Men, not so much. I mean they want relationships and feel their importance, but it's on a different level. They can sit in a room watching THE GAME not speaking to each other and be perfectly happy. True? True.
So in my mind, Heavenly Father knew men needed something to encourage them to reach out to others. He gave them the priesthood. They can only use this power to bless others, never themselves. See, it brings the men up to our level. *insert wicked grin*
Recently a delightful and very capable woman on a newspaper editorial board asked for a description of the role of women in the Church. It was explained that all of the leaders in our congregations are unpaid. She interrupted to say her interest had diminished significantly. She said, “I don’t believe women need any more unpaid jobs.”Elder Cook talked more about the role of women in the church and within families, but because this post is getting long I'll encourage you to go read the whole article. There is even a neat button on the right side for audio so you can listen! (it's 16 minutes long)
We pointed out that the most important organization on earth is the family, where “fathers and mothers are … equal partners.” 8 Neither one is financially compensated, but the blessings are beyond description. We of course told her about the Relief Society, Young Women, and Primary organizations that are guided by women presidents. We noted that from our earliest history both men and women pray, perform the music, give the sermons, and sing in the choir, even in sacrament meeting, our most sacred meeting.
I want to answer my opening question. How can I believe in a church that denies women the priesthood?
It's easy when you understand how men and women work together under priesthood direction. I am not denied any blessing, and goodness knows I participate in my church. I play the piano (poorly, but the need is greater than my inadequacy), I have given talks in our sacrament meeting (comparable to when the preacher gives his sermon in other churches), I have served as President of the children's organization and the women's organization, been teacher to men, women, and children. Currently I teach our high school aged youth the scriptures at 6 am Monday through Friday.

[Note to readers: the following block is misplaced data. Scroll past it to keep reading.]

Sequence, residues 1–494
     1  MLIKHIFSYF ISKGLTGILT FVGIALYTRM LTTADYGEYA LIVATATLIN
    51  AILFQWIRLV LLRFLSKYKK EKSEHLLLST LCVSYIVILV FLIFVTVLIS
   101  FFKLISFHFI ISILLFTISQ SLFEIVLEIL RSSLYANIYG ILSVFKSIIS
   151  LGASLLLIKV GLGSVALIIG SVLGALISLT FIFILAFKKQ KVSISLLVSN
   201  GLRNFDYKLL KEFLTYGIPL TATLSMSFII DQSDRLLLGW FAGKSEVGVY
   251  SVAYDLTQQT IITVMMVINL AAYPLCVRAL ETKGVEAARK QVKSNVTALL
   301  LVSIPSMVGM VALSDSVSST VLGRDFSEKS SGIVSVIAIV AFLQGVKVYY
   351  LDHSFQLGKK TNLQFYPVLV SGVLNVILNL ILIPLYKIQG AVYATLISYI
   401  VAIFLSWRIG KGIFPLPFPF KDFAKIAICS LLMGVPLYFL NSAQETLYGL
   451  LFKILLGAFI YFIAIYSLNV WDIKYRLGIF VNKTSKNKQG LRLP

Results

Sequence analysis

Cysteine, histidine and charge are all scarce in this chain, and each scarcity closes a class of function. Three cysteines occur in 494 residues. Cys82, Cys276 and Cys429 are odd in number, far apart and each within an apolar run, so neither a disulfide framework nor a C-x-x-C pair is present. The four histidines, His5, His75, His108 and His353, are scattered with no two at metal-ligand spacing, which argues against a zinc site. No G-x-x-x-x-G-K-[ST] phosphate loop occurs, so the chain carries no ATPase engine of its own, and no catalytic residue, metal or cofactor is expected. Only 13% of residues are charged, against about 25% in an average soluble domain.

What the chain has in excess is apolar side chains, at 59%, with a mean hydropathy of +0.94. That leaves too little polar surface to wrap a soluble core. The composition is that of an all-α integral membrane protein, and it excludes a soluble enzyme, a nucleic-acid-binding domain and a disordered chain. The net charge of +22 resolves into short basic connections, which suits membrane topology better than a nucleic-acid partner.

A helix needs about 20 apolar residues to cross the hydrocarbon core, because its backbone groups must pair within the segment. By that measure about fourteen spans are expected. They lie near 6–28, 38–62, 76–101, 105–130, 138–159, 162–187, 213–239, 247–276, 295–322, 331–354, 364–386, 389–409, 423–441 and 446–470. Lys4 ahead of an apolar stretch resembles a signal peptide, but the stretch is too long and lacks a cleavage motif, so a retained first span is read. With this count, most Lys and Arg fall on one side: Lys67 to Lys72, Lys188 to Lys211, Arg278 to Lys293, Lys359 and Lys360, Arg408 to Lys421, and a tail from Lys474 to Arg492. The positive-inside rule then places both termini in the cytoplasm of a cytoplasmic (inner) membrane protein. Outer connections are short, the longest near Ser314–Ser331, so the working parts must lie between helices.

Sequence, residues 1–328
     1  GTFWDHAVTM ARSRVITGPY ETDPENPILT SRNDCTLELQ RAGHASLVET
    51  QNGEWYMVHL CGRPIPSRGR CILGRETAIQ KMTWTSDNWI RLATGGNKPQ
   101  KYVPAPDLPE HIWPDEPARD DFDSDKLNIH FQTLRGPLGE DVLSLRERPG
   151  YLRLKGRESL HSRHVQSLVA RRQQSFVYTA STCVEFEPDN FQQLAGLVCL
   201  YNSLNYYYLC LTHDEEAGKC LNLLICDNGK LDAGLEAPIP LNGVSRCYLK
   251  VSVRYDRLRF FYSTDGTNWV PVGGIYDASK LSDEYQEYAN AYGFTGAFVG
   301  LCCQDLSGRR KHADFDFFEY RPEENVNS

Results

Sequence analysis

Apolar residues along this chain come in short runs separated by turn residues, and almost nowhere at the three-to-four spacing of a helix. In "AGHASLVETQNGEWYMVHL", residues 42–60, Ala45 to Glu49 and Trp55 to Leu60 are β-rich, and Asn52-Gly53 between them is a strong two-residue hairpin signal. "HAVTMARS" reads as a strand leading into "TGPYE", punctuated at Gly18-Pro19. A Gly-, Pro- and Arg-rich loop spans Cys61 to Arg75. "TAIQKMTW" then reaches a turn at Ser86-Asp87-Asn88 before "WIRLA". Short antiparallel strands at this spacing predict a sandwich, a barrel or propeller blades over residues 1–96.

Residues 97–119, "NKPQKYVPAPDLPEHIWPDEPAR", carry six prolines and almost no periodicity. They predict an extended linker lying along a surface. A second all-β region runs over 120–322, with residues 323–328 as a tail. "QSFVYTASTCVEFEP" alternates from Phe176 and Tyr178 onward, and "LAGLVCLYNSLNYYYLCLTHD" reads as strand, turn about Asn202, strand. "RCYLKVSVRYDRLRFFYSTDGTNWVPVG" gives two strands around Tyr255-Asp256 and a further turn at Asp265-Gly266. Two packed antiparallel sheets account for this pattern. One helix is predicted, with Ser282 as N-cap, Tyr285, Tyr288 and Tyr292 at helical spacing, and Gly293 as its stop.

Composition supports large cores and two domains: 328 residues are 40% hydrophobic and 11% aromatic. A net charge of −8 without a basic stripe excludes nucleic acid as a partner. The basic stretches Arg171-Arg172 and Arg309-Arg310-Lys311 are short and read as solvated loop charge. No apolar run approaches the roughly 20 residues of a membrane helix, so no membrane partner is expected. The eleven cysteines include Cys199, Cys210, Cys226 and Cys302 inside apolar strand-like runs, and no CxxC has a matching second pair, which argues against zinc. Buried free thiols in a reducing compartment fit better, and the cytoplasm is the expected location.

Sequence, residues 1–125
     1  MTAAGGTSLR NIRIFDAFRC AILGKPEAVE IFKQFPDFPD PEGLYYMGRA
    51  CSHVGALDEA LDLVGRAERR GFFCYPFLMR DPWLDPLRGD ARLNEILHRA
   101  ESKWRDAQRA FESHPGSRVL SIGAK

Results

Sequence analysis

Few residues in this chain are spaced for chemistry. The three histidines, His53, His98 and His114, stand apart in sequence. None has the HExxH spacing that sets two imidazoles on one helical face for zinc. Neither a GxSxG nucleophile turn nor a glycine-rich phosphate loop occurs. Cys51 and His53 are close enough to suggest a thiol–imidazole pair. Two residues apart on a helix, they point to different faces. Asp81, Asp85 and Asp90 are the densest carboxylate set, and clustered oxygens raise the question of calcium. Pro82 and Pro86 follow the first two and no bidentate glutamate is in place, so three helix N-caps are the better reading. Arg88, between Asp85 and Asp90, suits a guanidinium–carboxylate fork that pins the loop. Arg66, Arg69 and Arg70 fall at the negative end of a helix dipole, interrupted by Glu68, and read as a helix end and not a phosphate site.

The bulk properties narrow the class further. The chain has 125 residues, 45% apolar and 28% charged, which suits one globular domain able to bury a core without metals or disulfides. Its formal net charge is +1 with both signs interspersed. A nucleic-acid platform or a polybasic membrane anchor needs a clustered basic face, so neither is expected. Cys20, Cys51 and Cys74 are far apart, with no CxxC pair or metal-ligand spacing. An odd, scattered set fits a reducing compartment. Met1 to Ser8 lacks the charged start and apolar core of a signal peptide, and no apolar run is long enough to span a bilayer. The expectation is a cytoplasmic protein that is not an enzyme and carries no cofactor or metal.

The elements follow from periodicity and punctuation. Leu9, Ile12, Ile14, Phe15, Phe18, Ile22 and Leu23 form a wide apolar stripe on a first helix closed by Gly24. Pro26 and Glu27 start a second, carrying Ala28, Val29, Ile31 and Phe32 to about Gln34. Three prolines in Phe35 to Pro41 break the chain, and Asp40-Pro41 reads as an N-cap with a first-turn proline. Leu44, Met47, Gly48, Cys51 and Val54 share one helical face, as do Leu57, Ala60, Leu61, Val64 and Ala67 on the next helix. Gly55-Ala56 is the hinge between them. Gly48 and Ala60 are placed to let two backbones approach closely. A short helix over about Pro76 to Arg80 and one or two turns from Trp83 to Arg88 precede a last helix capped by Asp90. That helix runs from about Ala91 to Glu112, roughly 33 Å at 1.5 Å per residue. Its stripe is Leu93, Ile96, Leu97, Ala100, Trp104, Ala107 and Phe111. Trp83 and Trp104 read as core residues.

In all of my service I have learned how to love, pray, and feel the guidance of the spirit. I know that my savior Jesus Christ lives, that my Heavenly Father loves me and all of His children on earth. I hope and pray every day that those around me can feel His love for them by my kindness.
And now, if you are interested in hearing about some other talks from the conference, here are the links to those participating.
Annette Lyon: “Desire”
Annie Cechini: “The Spirit of Revelation”
Ben Spendlove: “The Atonement Covers All Pain”
Chantele Sedgwick: “LDS Women Are Incredible!”
Charity Bradford: “LDS Women Are Incredible!”
Jackee Alston: “The Eternal Blessings of Marriage”
Jenilyn Tolley: “What Manner of Men and Women Ought Ye to Be?”
Jennifer McFadden: “Establishing a Christ-Centered Home”
Jessie Oliveros: “Establishing a Christ-Centered Home”
Jolene Perry: “It’s Conference Once Again”
Jordan McCollum: “What Manner of Men and Women Ought Ye to Be?”
Kasey Tross: “Guided by the Holy Spirit”
Kayeleen Hamblin: “Become as a Little Child”
Kelly Bryson: “The Atonement Covers All Pain”
Krista Van Dolzer: “Opportunities to Do Good”
Melanie Stanford: “What Manner of Men and Women Ought Ye to Be?”
Michelle Merrill: “The Eternal Blessings of Marriage”
Myrna Foster: “Opportunities to Do Good”
Nisa Swineford: “Desire”
Sallee Mathews: “The Eternal Blessings of Marriage”
Sierra Gardner: “The Atonement Covers All Pain”
Tamara Hart Heiner: “Waiting on the Road to Damascus”
The Writing Lair: “Waiting on the Road to Damascus”